The country’s banks are also on track to exceed this year’s quota for bank lending after new loans reached Rmb587.7bn ($88.7bn, £55bn, €64.7bn) in October. Economists said that to meet the full-year target of Rmb7,500bn, there would need to be a sharp contraction in new bank lending in the past two months of the year.Although inflation in China has been inching up for some months, the big jump in October surprised many economists and raises the chances of further interest rate rises this year to follow the increase last month and the increase in bank reserve requirements announced on Wednesday.

Beijing is also under pressure from other governments to accelerate the appreciation of its currency – a topic that will be prominent at Friday’s G20 summit – which could help damp inflationary pressures. At the close of Asian trading on Thursday, the Chinese currency had gained almost 1 per cent against the dollar over three days.

Li Wei and Stephen Green at Standard Chartered in Shanghai said that on a seasonally adjusted basis, consumer price inflation increased at an annualised rate of 12.1 per cent in October, up from 5.2 per cent the month before. “This is worrying as inflation is now heading towards its level in mid-2007, which was a time of overheating,” they said in a note.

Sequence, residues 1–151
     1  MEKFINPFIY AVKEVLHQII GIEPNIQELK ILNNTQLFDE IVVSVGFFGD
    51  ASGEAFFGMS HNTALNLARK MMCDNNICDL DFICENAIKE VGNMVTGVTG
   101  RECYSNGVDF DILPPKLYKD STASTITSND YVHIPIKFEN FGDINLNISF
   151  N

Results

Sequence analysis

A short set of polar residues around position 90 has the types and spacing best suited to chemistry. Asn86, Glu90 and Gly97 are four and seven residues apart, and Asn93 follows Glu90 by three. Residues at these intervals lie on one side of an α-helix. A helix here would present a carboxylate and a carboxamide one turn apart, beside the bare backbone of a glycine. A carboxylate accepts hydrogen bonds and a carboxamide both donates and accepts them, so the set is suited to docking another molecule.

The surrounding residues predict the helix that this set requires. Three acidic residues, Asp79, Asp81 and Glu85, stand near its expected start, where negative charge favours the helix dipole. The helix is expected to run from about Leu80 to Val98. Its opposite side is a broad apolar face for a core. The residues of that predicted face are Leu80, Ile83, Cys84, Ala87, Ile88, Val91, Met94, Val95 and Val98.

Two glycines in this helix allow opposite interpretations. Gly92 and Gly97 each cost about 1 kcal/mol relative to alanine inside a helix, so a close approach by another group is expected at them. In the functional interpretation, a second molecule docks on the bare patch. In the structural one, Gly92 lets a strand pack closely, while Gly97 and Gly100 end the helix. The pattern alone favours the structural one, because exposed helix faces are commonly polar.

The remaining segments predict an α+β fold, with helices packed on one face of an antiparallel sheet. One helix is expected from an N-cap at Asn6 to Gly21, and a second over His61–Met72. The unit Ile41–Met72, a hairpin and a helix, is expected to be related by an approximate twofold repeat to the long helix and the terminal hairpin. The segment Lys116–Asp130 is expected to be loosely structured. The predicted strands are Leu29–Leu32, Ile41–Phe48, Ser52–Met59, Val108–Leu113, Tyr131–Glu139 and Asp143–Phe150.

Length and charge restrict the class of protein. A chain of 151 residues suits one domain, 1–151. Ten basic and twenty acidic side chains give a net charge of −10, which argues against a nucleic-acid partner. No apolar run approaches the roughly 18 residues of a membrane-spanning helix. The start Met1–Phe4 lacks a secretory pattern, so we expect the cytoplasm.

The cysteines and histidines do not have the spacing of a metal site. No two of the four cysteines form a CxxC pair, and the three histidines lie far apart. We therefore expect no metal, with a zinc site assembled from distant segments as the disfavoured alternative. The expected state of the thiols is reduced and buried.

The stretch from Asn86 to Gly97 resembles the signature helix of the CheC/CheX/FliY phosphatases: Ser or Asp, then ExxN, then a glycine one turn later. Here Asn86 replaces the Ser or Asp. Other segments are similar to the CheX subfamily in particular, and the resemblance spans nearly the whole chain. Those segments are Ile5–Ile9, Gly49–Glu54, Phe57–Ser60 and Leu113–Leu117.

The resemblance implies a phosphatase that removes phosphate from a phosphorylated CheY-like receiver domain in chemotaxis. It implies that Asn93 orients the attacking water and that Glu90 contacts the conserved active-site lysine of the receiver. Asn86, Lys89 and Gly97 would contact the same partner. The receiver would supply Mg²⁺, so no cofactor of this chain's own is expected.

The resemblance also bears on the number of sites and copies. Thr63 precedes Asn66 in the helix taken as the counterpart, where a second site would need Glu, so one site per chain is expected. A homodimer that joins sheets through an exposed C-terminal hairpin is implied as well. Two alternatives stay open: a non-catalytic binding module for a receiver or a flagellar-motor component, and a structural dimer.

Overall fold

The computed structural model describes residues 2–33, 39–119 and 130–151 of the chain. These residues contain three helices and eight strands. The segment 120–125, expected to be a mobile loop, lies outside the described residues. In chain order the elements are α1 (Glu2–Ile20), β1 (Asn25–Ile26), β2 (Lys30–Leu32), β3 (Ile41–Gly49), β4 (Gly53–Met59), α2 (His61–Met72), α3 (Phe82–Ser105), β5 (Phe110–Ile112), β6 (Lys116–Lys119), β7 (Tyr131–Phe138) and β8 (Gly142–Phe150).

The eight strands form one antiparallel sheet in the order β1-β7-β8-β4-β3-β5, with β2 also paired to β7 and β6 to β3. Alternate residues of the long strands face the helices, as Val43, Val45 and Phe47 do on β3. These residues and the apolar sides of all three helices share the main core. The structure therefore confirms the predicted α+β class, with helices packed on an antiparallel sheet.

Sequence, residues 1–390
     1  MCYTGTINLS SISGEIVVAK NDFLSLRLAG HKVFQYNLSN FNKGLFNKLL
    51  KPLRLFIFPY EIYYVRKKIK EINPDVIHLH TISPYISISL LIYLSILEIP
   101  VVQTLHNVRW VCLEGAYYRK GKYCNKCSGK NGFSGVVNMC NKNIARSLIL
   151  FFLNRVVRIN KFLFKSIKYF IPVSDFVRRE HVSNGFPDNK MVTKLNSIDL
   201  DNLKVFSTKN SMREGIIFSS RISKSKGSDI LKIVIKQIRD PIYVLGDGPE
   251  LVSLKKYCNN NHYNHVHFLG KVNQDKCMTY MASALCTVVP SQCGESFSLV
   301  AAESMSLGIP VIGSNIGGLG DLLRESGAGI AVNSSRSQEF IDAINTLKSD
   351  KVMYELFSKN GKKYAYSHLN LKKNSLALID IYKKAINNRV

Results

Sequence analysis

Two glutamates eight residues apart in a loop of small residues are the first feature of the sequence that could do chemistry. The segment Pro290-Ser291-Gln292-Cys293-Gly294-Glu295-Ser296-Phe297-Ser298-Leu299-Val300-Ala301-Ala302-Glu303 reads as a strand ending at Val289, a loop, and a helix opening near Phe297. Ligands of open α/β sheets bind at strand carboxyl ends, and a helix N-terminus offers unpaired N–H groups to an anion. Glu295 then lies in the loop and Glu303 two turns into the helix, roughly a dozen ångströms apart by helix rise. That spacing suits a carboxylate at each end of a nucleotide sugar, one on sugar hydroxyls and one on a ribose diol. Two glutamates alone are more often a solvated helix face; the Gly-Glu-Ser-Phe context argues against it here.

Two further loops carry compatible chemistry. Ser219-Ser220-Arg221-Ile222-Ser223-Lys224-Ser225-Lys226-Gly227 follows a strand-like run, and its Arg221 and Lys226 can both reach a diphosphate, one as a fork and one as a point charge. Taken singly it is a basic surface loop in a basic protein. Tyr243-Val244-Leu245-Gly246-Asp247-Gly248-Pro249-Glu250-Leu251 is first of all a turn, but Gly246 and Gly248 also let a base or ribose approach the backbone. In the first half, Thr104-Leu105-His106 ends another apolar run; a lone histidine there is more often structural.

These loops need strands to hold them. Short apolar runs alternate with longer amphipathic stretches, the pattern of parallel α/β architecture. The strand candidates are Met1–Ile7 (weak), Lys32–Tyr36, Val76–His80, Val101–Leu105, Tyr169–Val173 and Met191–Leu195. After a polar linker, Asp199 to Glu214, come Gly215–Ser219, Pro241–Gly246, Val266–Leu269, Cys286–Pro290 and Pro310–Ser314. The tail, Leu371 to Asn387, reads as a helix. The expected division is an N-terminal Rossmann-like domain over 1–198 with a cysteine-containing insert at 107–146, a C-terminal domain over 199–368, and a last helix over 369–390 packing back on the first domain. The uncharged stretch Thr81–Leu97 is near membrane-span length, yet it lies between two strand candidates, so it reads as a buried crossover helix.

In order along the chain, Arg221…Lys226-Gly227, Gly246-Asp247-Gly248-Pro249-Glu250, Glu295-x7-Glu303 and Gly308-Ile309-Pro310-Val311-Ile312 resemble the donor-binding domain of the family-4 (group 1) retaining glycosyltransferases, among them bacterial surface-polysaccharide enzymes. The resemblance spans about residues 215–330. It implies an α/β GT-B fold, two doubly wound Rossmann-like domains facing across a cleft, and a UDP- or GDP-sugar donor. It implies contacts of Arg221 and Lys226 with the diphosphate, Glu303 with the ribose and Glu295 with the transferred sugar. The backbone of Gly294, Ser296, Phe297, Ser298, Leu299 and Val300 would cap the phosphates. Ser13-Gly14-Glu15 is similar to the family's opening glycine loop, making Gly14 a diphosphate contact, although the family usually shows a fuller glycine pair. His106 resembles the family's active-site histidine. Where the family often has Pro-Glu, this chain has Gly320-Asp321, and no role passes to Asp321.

Earlier this week, Zhang Ping, head of the National Development and Reform Commission, the main economic planning body, acknowledged inflation would exceed the 3 per cent target this year. He blamed the weaker US dollar, speculation in commodities’ markets and loose monetary conditions.

Several Chinese officials have warned in recent weeks that the new round of quantitative easing in the US will lead to hot money inflows into developing economies, and the Chinese foreign exchange regulator has taken steps this week to reduce capital inflows in the financial system.

However, many economists believe that it is relaxed monetary policy in China which is adding to the domestic inflationary pressures, rather than capital inflows from overseas. “There is no trick to keeping growth afloat on a sea of credit, the question is what happens when the lending taps are turned off,” said Tom Orlik, an economist at Stone & McCarthy in Beijing.

Jun Ma at Deutsche Bank predicts that the authorities will relabel monetary policy from “relaxed” to “prudent” at an economic policymakers conference in December, which would signal a reduction in the planned growth of new loans for next year. Some economists predict the government might introduce some form of price controls if the inflation rate remains at this level.

“China needs to do more to keep this year’s inflation under the target ceiling,” Sheng Laiyun, spokesman for the statistics bureau, said on Thursday.

Other figures released on Thursday suggested the economy continues to expand at a strong rate. Industrial production increased 13.1 per cent in October compared to the year before, while retail sales expanded by 18.6 per cent, year-on-year.